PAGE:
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CHA P. XIII..

OF THE HOUSE OF PEER S.

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F the two branches of the legislature

I shall first consider the house of lords, of which Mr. Acherly, in his theoretic plan or directions for the Britannic constitution, speaks thus : *“ That the house of lords, General end

and spirit of besides their part in the legisature, should the

the house of be invested with, and should have, as inter- peers. woven in their constitution, these special powers and privileges, viz. that their right of peerage should be deemed a special trust for the whole government; that they should have the dernier resort only in all matters of judicature, and the fole judicature of impeachments commenced and prosecuted by the commons; and that it should be deemed an essential part of that judicature to take cognizances of those impeachments, and to hear and determine the matters therein charged; and the reason he gave for investing them with the dernier resort was, lest illegal judgments in inferior judicatures should creep in, and by little and little undermine and change

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the fundamental form and principles of this constitution, of which there might be some danger, in regard the judges would be necessarily of the king's sole nomination and appointment.

“ But in questions of property, where the claims on either side shall not be mixed with equity, this ultimate judicature should (without additions to supply defects) give the same judgments, as are prescribed by the strict and positive laws in being; because these laws should be every man's birthright, and should have no controuler, nor be controuled by any judicature (except only by that power, which is to be legiNative, in which every man's confent is to be involved ;) for if a law and rule of property be made, and a man's case shall not be deterinined by it, the law and the authority of the makers would be vain and nu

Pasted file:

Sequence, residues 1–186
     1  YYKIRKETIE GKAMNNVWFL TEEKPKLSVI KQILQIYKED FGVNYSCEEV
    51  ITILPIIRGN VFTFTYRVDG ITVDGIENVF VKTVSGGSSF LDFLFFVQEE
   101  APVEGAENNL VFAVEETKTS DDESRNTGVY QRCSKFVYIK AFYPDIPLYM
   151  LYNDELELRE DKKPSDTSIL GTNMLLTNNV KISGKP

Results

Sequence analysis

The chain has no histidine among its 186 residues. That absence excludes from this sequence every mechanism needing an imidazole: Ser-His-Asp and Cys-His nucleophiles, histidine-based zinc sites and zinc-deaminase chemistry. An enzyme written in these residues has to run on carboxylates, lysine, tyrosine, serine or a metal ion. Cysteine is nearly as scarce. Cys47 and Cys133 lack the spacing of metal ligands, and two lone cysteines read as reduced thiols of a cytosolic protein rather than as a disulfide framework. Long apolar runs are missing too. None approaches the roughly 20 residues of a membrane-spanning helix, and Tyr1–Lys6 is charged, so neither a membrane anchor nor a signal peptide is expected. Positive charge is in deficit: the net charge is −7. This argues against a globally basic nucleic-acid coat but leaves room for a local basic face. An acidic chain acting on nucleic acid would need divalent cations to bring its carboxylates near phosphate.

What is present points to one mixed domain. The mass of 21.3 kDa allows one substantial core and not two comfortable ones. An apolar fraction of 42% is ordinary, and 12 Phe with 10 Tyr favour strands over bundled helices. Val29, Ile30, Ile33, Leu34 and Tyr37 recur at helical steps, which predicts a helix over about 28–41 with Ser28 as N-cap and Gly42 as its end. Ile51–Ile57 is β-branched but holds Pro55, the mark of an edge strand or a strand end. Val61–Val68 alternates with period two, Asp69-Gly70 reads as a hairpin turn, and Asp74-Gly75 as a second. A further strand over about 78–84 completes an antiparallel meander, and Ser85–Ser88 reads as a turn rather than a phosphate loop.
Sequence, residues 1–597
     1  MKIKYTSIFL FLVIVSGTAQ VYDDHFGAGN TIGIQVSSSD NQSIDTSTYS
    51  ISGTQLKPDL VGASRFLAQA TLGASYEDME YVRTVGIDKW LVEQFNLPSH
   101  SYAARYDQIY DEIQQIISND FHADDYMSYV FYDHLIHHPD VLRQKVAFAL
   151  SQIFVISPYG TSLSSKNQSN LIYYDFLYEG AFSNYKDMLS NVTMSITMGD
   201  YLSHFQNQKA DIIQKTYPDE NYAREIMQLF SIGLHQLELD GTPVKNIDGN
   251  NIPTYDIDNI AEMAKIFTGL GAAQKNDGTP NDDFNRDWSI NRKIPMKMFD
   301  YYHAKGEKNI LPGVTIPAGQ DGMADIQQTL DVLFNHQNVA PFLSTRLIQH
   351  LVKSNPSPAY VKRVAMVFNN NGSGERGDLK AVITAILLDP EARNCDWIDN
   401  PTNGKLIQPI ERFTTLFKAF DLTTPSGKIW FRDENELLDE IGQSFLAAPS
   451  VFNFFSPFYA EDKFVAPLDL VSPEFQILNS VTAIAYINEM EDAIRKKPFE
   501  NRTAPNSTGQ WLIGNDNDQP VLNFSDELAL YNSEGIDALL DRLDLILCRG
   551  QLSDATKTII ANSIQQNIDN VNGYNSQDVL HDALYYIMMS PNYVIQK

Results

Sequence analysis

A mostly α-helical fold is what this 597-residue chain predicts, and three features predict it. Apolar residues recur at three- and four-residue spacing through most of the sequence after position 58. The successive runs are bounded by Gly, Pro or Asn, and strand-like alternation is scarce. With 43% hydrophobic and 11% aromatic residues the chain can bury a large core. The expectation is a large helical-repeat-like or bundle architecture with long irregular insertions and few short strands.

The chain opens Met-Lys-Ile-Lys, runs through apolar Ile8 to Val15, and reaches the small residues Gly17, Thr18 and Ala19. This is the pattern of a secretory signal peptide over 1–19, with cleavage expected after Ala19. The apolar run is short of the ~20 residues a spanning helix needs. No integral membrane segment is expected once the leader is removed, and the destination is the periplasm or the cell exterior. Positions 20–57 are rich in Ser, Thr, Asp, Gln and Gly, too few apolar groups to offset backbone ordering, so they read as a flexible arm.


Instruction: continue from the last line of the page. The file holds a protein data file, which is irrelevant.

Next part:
gatory.” All law at allm

In the earliest traces of any legiNative acts

the ca with the advice passed in this country, we constantly find ex

press and unambiguous mention made of the advice and assistance of the great men (magnates) barons, prelates, archbishops, bishops, vavasours, earls, (comites,) &c. under which names, appellations, and descriptions fome monarchical and aristocratical writers have indeed pretended to doubt, whether com

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times made

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VII Wivu

cellary for a common. wealih.

moners were included; but not even the strongest republican writers have ever questioned or denied, that the first orders and ranks of men, or the nobility and dignified clergy were regularly summoned to parliament. Notwithstanding the present rage against the aristocratic part of our constitucion, it is curious to consult the opinion of a very determined and staunch republican * upon the subject. “ An army,” says he, Aristocracy ne“ may as well consist of soldiers without of ficers, or of officers without soldiers, as a commonwealth (especially such a one as is capable of greatness) consist of a people without gentry, or of a gentry without a people. There is something first in the making of a commonwealth ; then in the governing of it; and last of all in the leading of its armies, which (though there be great divines, great lawyers, great men in all professions) seems to be peculiar only to the genius of a gentleman.”